Preceded earlier in the week by well publicized Wal-Mart documentaries that appeared on CNBC and PBS’ Frontline, Wall Street’s attention was further focused on the retail sector as a result of today’s mega-merger between K-Mart and Sears. Amidst the anointment of retailers as the locomotive and savior of the US economy few are paying attention to the fact that the currency that enables Americans to perpetually shop, and acts as the foundation of their consumption, is rapidly losing its purchasing power.
Today the U.S. dollar fell to a new all time low against the euro, with the U.S. dollar index hitting a new nine year low. The current excuse (they change daily) were comments made by Treasury Secretary Snow that the U.S. would not act to stem the dollar slide (as if it could) and which blamed America’s current account problems on inadequate foreign consumption. Doesn’t the Secretary realize that the only way the rest of the world can consume more is to stop buying, and start selling U.S. treasuries, which would send the dollar tumbling, interest rates and inflation soaring, and plunge the U.S. economy into a recession? This is certainly a wish Snow had better hope doesn’t come true during his tenure.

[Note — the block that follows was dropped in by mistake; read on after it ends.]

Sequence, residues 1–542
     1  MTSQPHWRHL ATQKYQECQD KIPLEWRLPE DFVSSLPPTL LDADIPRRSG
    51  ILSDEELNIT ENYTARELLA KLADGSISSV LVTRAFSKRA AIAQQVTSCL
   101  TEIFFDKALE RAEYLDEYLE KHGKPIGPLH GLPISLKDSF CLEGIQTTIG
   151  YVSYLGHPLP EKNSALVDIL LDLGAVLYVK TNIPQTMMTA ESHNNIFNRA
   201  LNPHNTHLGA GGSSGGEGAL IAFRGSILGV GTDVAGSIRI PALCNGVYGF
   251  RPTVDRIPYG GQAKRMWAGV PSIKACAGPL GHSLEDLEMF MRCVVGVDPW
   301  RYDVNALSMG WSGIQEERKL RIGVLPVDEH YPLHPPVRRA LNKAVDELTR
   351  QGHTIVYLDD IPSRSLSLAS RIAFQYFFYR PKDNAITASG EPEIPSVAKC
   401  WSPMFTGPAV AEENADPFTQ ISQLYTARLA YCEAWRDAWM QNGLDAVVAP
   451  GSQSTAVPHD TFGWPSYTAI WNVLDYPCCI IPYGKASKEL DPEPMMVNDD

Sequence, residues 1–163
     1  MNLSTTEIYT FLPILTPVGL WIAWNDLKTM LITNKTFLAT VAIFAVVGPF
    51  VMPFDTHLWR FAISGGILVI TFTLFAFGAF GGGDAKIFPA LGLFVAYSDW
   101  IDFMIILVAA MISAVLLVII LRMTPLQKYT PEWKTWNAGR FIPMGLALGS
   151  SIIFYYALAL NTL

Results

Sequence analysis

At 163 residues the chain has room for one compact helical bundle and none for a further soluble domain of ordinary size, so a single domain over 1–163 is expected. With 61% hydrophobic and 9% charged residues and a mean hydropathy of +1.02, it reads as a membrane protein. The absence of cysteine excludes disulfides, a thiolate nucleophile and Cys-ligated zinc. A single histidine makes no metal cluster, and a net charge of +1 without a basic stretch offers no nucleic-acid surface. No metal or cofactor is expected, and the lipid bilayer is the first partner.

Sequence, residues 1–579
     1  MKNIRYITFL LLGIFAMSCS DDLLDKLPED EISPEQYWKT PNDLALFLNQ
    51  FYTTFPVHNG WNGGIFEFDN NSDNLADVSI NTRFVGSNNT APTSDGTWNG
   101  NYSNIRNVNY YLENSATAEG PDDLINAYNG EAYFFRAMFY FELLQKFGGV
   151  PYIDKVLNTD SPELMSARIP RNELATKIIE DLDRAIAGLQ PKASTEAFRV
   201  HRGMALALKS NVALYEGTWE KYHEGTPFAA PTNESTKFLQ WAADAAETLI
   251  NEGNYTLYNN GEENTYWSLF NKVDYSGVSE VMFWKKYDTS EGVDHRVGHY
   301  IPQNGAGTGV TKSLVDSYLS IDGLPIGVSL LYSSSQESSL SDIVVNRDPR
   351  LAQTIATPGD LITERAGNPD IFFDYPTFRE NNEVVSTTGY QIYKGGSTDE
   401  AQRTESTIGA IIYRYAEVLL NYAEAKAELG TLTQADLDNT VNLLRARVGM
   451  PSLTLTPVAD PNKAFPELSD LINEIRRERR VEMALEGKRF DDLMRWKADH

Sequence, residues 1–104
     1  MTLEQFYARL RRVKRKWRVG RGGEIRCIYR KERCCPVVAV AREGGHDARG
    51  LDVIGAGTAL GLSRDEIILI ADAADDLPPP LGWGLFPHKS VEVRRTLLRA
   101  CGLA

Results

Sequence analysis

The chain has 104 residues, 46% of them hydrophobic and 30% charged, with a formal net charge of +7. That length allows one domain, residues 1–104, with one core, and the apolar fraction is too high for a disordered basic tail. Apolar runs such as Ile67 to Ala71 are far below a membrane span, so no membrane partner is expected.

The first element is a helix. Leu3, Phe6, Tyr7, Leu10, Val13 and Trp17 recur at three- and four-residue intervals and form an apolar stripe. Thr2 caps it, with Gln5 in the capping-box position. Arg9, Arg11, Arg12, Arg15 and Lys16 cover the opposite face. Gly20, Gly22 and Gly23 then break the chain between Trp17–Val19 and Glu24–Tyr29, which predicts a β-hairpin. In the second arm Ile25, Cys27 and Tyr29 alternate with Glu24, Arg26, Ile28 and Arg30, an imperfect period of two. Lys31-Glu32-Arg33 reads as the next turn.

During today’s press conference, when informed by a Bloomberg reporter that his comments were sending the dollar lower, and that his “strong dollar policy” was not working, Secretary Snow replied laughingly “the policy is the policy.” I guess that just about sums it up. When asked by a bear Stearns analyst how he expected foreigners to react to the losses they were suffering on their massive U.S. dollar holdings, Snow apparently replied jokingly with the equivalent of “no comment,” a modern day version of “let them eat cake.” Secretary Snow may be laughing now, but it’s America’s creditors that will finally have the last laugh, while Americans themselves are left crying.
Once foreign governments finally discontinue their foreign aid programs, otherwise know as currency intervention, allowing the dollar to collapse, Kmart shoppers, as well a customers of Wal-Mart, Target, and J.C. Penny, will no longer have the means to buy, as the dollar’s diminished value prices them out of foreign markets. Retail shelves will be empty, as the imported products that used to fill them become too expensive for Americans to afford, and domestic manufacturers no longer exist to fill the void. And since foreign savers will no longer be willing to lend them any more money, American shoppers will be unable to use their credit cards, even if they could find something worth buying.